The key to getting a deal on a bike at a bike shop is to talk with the owner, the manager, or the bike mechanic that has been riding or racing for ten or more years. You don’t want to talk to the hired hand, the sales associate. You won’t get anywhere with them and you will most likely leave mad. When you find the bike you want, if it’s priced at say $1299, tell them you want that bike but that you can only pay $1000 and stick to your guns. They will hedge and ultimately tell you what they “can” do the bike for 'out the door.' And don’t forget taxes. If you say you want it for $1000, many times they will say, “ok great, sold” and then you go to pay and with taxes you pay $1200 anyway. Be sure to say “out the door” or the sneaky tax will be in your face. Sometimes the bike shop really is at their lowest price, though, just to break even on their end. If this is the case, they will tell you so, and so you then turn around and walk out. You can find that bike or something like it elsewhere for less, guaranteed.
- Buying a bike off of Ebay.
This is another well tested route to buy a bike. There are both professional bike shops and individuals who will sell you anything on Ebay. I’ve bought bikes and parts from Ebay. I’ve had mostly positive results. But, you must have faith to buy from Ebay. It can be stressful, especially if you fork over hundreds of dollars just to sit back and wait and wonder if you will get what you think you bought, or if you will get taken.
- Basic Ebay info: you will pay either the seller directly or via Pay Pal. Pay Pal is the safest choice for buyers, I’ve found. It’s good for sellers too, though I stopped using Pay Pal as much as possible because they charge way too much for fees. And Ebay does too, from a sellers viewpoint. As the buyer, however, you will pay whatever the seller is stating on their page. I’ve sold bikes, had them professionally shipped and packed extra secure, only to have the buyer allege the bike had dents or was cracked, etc. Many times the buyer just wants the insurance money and the transaction just turns out to be a scam on the buyers end. The protocol for addressing those issues is not a fun process and really not worth the fight. Everyone loses too. So, ultimately, I would avoid most major purchases that involve either Ebay OR PayPal. Avoiding headaches wherever possible, is my goal. You can do it, but know that it carries inherent risk, purely financial, and with some time consideration.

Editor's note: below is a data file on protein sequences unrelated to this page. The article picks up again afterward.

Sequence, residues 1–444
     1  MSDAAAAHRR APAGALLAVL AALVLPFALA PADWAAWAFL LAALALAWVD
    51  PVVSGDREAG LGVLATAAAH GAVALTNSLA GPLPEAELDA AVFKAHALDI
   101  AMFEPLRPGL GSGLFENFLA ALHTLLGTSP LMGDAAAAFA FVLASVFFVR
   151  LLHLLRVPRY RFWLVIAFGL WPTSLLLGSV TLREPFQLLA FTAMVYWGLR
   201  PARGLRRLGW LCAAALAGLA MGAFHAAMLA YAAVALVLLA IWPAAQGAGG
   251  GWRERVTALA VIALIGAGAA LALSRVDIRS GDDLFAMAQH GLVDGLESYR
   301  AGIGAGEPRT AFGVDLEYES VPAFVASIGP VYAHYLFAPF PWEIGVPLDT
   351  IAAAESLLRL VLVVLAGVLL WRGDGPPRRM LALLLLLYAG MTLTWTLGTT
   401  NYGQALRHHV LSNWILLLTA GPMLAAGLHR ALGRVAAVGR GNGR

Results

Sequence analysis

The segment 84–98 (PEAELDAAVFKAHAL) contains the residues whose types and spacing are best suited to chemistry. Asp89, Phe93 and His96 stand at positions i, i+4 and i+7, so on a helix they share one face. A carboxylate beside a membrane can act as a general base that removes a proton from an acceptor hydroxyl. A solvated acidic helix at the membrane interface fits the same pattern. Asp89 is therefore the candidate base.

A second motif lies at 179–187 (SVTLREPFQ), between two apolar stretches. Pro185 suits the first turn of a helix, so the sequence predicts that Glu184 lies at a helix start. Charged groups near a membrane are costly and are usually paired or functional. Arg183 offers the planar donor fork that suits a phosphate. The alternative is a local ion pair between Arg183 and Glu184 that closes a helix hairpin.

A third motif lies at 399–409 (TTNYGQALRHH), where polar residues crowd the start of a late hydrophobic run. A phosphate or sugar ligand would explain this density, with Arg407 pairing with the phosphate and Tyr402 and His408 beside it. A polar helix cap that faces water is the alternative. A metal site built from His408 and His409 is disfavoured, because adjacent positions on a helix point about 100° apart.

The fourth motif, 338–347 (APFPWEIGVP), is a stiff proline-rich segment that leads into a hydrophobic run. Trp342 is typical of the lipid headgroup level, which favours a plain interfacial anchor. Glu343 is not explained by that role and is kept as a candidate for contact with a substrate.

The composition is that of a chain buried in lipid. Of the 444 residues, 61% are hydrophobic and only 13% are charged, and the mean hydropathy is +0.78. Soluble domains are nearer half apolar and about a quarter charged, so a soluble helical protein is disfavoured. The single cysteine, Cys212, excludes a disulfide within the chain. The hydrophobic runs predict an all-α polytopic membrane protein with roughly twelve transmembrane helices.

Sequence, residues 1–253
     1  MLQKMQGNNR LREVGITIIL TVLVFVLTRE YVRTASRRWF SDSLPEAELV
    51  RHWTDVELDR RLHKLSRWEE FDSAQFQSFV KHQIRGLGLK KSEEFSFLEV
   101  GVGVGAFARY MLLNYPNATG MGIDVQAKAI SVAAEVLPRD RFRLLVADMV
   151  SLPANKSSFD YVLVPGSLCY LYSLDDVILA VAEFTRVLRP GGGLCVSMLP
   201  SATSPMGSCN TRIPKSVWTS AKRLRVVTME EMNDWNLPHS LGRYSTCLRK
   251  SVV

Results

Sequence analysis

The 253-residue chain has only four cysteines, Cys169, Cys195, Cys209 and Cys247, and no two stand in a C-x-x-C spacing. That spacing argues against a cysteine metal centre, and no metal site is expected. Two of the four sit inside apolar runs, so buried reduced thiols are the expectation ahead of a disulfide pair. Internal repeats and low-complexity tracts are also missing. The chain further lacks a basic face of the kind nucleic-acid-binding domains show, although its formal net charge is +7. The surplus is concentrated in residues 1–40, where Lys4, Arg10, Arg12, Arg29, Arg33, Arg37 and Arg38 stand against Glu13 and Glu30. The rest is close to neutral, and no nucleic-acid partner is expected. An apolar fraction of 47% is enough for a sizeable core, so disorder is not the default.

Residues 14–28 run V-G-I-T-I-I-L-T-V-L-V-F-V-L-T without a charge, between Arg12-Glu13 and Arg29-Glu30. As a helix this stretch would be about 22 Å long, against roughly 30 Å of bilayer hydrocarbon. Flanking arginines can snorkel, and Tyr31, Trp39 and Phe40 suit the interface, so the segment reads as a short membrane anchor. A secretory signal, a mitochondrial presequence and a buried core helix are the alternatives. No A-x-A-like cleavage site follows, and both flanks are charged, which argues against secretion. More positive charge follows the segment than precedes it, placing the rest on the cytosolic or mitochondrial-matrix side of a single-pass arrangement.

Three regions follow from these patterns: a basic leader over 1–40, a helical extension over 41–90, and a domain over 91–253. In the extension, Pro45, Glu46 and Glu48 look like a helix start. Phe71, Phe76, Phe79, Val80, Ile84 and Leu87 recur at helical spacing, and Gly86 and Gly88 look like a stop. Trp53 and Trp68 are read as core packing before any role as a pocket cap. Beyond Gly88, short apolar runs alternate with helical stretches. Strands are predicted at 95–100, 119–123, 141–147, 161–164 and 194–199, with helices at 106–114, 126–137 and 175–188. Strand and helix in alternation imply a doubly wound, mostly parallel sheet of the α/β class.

An Ebay buying tip: Do not post a bid until the last minute. If you wait until under a minute, and have your true “highest bid” entered in, you most likely will “win” that item without unnecessarily inflating the final buying price days, hours, or even minutes before the end of the auction. There will usually be a few key players in at the last second, but that is the only way to get the best buy on Ebay. Wait until the seconds tick down and click on 'buy' with under a minute left. Otherwise, you are throwing your money into the wind.
- Buying a bike online through a retailer or website.
Yes, I have had a 100% success rate for everything I have bought online from a Website or retailer, other than Ebay or an auction site. I’ve done research though, not just bought blindly.